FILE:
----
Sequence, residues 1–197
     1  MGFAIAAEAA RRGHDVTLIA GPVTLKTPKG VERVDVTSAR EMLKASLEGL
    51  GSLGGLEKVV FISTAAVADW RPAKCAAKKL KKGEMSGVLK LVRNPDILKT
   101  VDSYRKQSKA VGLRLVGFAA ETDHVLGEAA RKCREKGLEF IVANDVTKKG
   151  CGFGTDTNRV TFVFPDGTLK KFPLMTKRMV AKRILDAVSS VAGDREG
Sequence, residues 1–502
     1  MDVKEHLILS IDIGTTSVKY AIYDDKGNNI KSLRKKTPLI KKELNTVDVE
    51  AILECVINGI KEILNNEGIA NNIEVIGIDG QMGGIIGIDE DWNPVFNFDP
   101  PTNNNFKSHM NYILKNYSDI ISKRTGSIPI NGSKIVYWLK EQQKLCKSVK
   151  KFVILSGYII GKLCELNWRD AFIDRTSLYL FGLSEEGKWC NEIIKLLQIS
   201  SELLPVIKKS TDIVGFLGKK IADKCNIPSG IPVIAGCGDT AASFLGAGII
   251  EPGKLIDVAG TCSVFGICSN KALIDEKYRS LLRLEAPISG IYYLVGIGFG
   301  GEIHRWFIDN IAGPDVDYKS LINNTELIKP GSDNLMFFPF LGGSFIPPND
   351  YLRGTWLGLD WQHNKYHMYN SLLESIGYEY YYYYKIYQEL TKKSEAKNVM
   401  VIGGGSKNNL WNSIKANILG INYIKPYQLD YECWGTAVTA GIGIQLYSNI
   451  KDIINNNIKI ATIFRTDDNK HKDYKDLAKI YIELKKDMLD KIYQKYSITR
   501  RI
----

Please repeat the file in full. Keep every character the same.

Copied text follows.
Sequence, residues 1–197
     1  MGFAIAAEAA RRGHDVTLIA GPVTLKTPKG VERVDVTSAR EMLKASLEGL
    51  GSLGGLEKVV FISTAAVADW RPAKCAAKKL KKGEMSGVLK LVRNPDILKT
   101  VDSYRKQSKA VGLRLVGFAA ETDHVLGEAA RKCREKGLEF IVANDVTKKG
   151  CGFGTDTNRV TFVFPDGTLK KFPLMTKRMV AKRILDAVSS VAGDREG
Sequence, residues 1–502
     1  MDVKEHLILS IDIGTTSVKY AIYDDKGNNI KSLRKKTPLI KKELNTVDVE
    51  AILECVINGI KEILNNEGIA NNIEVIGIDG QMGGIIGIDE DWNPVFNFDP
   101  PTNNNFKSHM NYILKNYSDI ISKRTGSIPI NGSKIVYWLK EQQKLCKSVK
   151  KFVILSGYII GKLCELNWRD AFIDRTSLYL FGLSEEGKWC NEIIKLLQIS
   201  SELLPVIKKS TDIVGFLGKK IADKCNIPSG IPVIAGCGDT AASFLGAGII
   251  EPGKLIDVAG TCSVFGICSN KALIDEKYRS LLRLEAPISG IYYLVGIGFG
   301  GEIHRWFIDN IAGPDVDYKS LINNTELIKP GSDNLMFFPF LGGSFIPPND
   351  YLRGTWLGLD WQHNKYHMYN SLLESIGYEY YYYYKIYQEL TKKSEAKNVM
   401  VIGGGSKNNL WNSIKANILG INYIKPYQLD YECWGTAVTA GIGIQLYSNI
   451  KDIINNNIKI ATIFRTDDNK HKDYKDLAKI YIELKKDMLD KIYQKYSITR
   501  RI